Dev Board + 15 Chips

Use the dev board (see above) to get started and then jump into your own board designs using the 15 extra Open-V chips in standard QFN-32 packaging.


Early Access Chip-on-Board

You will receive one of limited edition chip-on-board prototypes from the very next multi-project wafer (MPW) run. Get a head start developing your own project, own a piece of history, and support open silicon all at the same time!


Super Early Access Chip-on-Board

This is one of the limited edition prototypes we've been using for testing development. Get a head start developing your own applications on the Open-V, own a piece of history, and support open silicon all at the same time!


Early Access Chip-on-Board + Design Review

In addition to receiving the early access dev board, you will actually have a seat around the table (via video conference) during the design review process. Ever wanted to learn about the inner workings of IC design? Are you already an expert and want to help guide development? Now's your chance!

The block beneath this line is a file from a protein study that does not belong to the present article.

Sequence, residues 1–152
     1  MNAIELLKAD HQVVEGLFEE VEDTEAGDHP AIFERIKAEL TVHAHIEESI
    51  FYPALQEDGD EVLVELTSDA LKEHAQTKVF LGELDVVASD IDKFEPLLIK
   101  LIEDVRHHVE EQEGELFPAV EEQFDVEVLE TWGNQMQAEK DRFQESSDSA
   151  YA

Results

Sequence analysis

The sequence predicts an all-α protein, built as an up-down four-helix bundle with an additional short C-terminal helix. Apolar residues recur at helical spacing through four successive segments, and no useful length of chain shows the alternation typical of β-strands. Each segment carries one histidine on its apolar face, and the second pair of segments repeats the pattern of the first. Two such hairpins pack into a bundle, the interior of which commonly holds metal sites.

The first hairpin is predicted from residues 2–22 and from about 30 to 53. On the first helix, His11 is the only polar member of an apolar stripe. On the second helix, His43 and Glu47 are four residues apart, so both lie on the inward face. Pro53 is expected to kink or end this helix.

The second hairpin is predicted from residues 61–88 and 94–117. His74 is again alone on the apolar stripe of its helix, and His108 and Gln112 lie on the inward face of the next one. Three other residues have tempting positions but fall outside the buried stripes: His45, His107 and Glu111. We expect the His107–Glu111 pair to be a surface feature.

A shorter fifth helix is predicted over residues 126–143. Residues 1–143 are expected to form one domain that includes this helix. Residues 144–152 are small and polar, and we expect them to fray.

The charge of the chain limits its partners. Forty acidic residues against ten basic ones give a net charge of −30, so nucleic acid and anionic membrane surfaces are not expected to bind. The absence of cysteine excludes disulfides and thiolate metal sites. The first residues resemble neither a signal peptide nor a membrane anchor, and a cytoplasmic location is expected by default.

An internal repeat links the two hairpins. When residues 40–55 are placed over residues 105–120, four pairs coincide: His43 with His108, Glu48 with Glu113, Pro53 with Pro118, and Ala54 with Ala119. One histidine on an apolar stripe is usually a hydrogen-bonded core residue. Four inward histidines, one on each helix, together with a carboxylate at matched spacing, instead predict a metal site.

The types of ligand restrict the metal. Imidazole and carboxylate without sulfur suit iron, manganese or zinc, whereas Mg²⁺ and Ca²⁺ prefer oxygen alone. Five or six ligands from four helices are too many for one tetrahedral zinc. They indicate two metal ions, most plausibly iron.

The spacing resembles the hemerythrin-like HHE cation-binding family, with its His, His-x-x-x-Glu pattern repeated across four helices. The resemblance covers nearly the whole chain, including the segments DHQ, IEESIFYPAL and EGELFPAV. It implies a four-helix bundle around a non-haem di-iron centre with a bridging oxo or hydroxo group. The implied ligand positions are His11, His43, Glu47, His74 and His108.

With over 30 years of cumulative experience in analog, digital, and RF circuit design, the OnChip team aims to contribute to the growth of the open source community by developing open silicon.

Luis Rueda

MSEE, Analog Design

Javier Ardila

BSEE, Mixed Signal Design

Rodrigo Gómez

BSEE, Analog Design

Héctor Gómez

MSEE, Digital Design

Wilmer Ramírez

BSEE, Digital Verification

Andrés Amaya

MSEE, Mixed Signal Design

Rolando Torres

MSEE, Mixed Signal Design

Camilo Rojas

BSEE, Digital Design

Ckristian Durán

MSEE, Digital Design

Élkim Roa

PhD, Mixed Signal Design

OSH Park

Prototype PCB Manufacturer

Taiwan Semiconductor

Integrated Circuit Fabrication

TPT Wire Bonder

Wirebonding provider and Chip on-board support


Probe station and test card provider


MPW provider


Instrumentation provider

See Also